Some will continue to conscientiously object to laws they feel impinge on their rights as parents to determine the direction and content of their children's education, as well as their right to parent according to their religious and lifestyle beliefs. Some will fight what they believe to be unnecessary and restrictive regulations and laws through the court system. The home education movement as a whole needs to continue to support these families.

But for most of us, we will choose to comply with the new regulations, either because it makes sense, as it will to many home educating families, or because the stress of opposing them will be overwhelming and ultimately too disruptive to family life. I believe that the home education movement needs to support, in whatever way we can, genuine home educating families.

For my part this will mean helping families write and record learning programs for their children that will demonstrate that no matter what style or approach of education is used, home education is effective and successful. This is what I do best. We each need to do what we each do best to help others find their way through these difficult times of change. In this way we can support each other and continue to promote home education as a viable alternative to school for those families who need it most.

© Beverley Paine 2008

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Visit www.alwayslearningbooks.com.au for a great range of homeschooling, unschooling and books on natural learning!

Friday, June 06, 2008

Parents face jail for truant kids under new NSW laws

An article in the Daily Telegraph by Simon Benson on the 1st of April (and no, it wasn't an April Fool's joke), reported on new laws introduced into NSW parliament which could inadvertantly adversely affect many homeschooling families.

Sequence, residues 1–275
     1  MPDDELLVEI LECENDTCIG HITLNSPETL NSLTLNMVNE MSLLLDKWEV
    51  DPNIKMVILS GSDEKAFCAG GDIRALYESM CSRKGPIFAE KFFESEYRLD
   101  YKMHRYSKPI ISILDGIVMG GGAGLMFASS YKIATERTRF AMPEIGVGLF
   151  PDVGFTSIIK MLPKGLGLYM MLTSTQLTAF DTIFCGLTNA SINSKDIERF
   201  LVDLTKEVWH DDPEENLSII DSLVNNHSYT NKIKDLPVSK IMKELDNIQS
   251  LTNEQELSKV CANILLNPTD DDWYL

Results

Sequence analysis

The laws grant powers to the Department of Education to seek court orders which could force parents to enrol their children at school. Magistrates will be empowered to impose jail sentences for parents of habitual truants, with fines up to $10,000.

Premier Morris Iemma stated that it was time that the issue of school enrolments and truancy "became one of parental responsibility".

However, if parents are coerced to send their children to school, doesn't this remove some of that parental responsibility? It was my understanding that education - not school attendance - is compulsory for primary school aged children in NSW. Homeschooling is a legitimate and legal alternative that addresses the educational needs of children.

How will the new laws affect existing home educating families, especially those not registered with the Board of Studies?

There is a trend across Australia for tightening of regulation of home education. Let's hope it is done in an enlightened way, where the needs of home educating families are assessed in an thorough way, given an understanding of the unique and distinct from schooling nature of homeschooling.

Home educating families do not fall into the category of negligent parents - they take parental responsibility seriously, to the extent that they are willing to forgo a second (and often necessary income) to supervise their children at home and in the community. It is a shame that politically motivated laws which appear to have been hastily created as a reaction to a much publicised case of child abuse will catch in its net innocent and dedicated parents.

© Beverley Paine 2008

Have a homeschooling question? Become a member of the friendly Homeschool Australia Frequently Asked Questions email group. Visit Homeschool Australia for more original content. No time to visit the site? Sign up to receive Beverley's regular Homeschool Australia Newsletter.
Visit www.alwayslearningbooks.com.au for a great range of homeschooling, unschooling and books on natural learning!